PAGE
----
Research supports the positive impact of having family and friends (“proxies”) involved in care. They can provide social support for a resident even after transition to a nursing home, and can serve as advocates for individualized care planning. When a resident cannot participate in an interview due to cognitive or communication limitations, a proxy can respond to Preferences for Everyday Living Inventory (PELI) questions, helping to represent the resident’s preferences and level of satisfaction.
Step 1: Start with the Resident
Individuals with mild to moderate dementia can still report on their preferences, reliably and consistently. Hard cut-off scores may not always be the best indicator of a person’s ability to convey their preferences. We recommend approaching the long-stay resident three separate times, on different days, before determining that the PELI interview cannot be completed and a proxy is needed.
Step 2: Seek a Proxy who knows the Resident & can Answer Questions
If a resident cannot participate in a PELI interview, it is best to interview a family member or close friend who knows his or her preferences well and can speak on the resident’s behalf. This person – the proxy – could be the Power of Attorney or other responsible party, but could also be a family member or friend who visits the resident most often.
Step 3: Steps to Success
- Decide how you will collect the information. Interviews can take place in person or via phone, video chat, email, postal mail, or a combination.
- If in person, designate an interview location that is quiet and private. Include the resident in the room if possible.
- Determine the staff member who will perform proxy interviews and coordinate with the proxy.
- Schedule the interview at a time convenient for the proxy. (See PELI Interview Tips sheet.)
Step 4: Tips for Effectively Engaging Proxies
Invite family members or friends to participate by letter, email, phone call or video chat. During the interview:
- Ask the proxy to answer as though the resident has no barriers to pursuing each preference.
- Stress that you are seeking what the proxy thinks the resident would prefer, not what the proxy prefers.
- The proxy voice is not a replacement for the resident’s voice; it is a complement in the care planning process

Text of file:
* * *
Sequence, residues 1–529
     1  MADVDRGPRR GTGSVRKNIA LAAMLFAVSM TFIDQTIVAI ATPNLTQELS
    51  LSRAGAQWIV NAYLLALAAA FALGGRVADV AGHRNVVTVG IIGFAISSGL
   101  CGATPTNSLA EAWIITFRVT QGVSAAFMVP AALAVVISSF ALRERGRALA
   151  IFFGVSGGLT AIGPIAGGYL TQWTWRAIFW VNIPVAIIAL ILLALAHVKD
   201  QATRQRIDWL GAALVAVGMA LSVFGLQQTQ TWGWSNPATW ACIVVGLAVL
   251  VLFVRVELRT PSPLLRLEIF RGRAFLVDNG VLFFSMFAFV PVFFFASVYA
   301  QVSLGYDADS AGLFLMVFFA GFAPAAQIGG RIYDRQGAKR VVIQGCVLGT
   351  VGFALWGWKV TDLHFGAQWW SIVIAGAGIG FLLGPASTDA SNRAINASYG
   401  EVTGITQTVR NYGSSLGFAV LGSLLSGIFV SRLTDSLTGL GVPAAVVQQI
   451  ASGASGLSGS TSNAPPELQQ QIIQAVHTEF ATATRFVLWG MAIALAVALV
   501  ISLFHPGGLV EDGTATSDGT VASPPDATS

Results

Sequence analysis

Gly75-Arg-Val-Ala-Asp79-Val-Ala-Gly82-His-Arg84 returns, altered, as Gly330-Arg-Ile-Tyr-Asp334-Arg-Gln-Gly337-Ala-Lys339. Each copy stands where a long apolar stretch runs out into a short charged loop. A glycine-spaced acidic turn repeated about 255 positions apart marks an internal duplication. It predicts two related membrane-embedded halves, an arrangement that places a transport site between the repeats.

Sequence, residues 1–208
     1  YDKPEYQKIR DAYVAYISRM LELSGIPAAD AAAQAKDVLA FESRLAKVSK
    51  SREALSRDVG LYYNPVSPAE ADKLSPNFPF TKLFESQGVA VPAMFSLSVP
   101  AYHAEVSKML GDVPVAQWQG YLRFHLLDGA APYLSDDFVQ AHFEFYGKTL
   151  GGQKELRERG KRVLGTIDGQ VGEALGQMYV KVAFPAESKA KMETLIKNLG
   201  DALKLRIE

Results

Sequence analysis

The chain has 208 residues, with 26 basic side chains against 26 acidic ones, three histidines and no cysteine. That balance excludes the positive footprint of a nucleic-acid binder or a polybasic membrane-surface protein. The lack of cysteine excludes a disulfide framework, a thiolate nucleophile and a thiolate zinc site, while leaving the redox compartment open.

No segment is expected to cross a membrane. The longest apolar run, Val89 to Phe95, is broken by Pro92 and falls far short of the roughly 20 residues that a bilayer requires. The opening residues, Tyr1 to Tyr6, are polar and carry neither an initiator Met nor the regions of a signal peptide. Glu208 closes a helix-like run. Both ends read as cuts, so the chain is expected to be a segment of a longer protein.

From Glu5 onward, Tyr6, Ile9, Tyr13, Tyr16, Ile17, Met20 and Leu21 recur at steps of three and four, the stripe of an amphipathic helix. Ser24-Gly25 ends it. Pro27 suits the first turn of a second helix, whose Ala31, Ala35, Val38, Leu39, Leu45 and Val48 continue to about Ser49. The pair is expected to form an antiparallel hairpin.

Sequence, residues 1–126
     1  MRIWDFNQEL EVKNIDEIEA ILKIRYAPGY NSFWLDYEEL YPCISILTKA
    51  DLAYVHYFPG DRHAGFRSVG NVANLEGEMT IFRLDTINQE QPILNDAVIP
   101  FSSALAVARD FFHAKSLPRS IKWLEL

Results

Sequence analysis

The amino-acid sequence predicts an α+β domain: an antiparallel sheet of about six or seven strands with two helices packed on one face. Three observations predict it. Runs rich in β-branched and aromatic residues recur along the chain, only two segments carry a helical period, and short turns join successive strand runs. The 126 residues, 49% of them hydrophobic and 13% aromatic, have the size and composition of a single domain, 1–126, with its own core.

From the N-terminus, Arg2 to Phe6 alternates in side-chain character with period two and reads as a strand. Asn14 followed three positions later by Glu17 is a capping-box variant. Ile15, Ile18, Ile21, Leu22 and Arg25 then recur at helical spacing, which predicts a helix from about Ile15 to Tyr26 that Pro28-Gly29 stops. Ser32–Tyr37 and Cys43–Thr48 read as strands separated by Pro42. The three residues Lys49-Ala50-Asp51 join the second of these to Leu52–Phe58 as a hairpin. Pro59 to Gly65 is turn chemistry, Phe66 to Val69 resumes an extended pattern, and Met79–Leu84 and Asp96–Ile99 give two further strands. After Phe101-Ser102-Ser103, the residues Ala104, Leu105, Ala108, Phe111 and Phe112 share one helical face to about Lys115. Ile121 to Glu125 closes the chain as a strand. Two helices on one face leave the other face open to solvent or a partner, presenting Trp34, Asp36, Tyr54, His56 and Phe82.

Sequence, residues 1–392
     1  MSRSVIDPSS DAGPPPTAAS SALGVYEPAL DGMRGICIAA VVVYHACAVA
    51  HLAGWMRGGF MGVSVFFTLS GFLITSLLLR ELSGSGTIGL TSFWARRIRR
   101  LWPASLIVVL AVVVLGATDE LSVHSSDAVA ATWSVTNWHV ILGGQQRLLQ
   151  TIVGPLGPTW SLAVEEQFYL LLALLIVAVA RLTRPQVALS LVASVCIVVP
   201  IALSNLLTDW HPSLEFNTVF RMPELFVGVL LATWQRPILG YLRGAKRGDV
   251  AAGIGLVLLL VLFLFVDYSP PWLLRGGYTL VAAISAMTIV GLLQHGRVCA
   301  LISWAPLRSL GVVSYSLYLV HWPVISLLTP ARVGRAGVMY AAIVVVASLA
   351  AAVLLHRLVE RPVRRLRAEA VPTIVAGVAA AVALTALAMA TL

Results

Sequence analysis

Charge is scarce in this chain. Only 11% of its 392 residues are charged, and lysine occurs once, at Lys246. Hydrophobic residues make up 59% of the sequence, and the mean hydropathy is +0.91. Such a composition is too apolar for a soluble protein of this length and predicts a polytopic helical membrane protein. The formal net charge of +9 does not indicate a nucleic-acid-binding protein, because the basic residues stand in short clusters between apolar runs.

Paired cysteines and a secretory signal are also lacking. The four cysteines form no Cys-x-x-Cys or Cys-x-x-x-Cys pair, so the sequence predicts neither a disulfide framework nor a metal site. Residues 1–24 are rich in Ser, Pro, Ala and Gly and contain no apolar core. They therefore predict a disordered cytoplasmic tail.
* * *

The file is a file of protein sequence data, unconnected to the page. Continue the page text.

- Family/friends can be a great resource to discover interests that can be used to create unique and individually tailored interventions.
Sometimes family and close friends are discouraged by their loved one’s condition and believe he or she can no longer pursue past interests. Help the family/friend understand how their input leads to preference-based person-centered goals of care. Remind the proxy that you would like to understand the resident’s preferences so that the care team can devise ways to help the resident fulfill them. Consider letting the proxy know that “If we know what your loved one used to like, perhaps we can adapt the activity so that she can continue to participate and enjoy it.”
If the proxy has difficulty answering preference questions, consider simplifying the response options to Important or Not Important, rather than using all five PELI choices (Very Important, Somewhat Important, Not Very Important, Not Important at All, or Important, But Can’t Do, No Choice). Encourage the proxy to attend a care planning session, either by phone or in person. When proxies do not attend, track the reasons and engage in a Plan Do Study Act (PDSA) cycle to address causes for non-attendance.
What if there is no family or close friend proxy?
If no proxy is available, the direct care workers’ experiences and observations may provide insight into the resident’s preferences. For example, over several days, staff may be able to determine preferences for daily patterns by being attentive and taking notes when residents are naturally rising or wanting to go to bed. Give new residents a few weeks to get into a routine. Identify a staff member who will use direct care workers’ observations to inform care plans.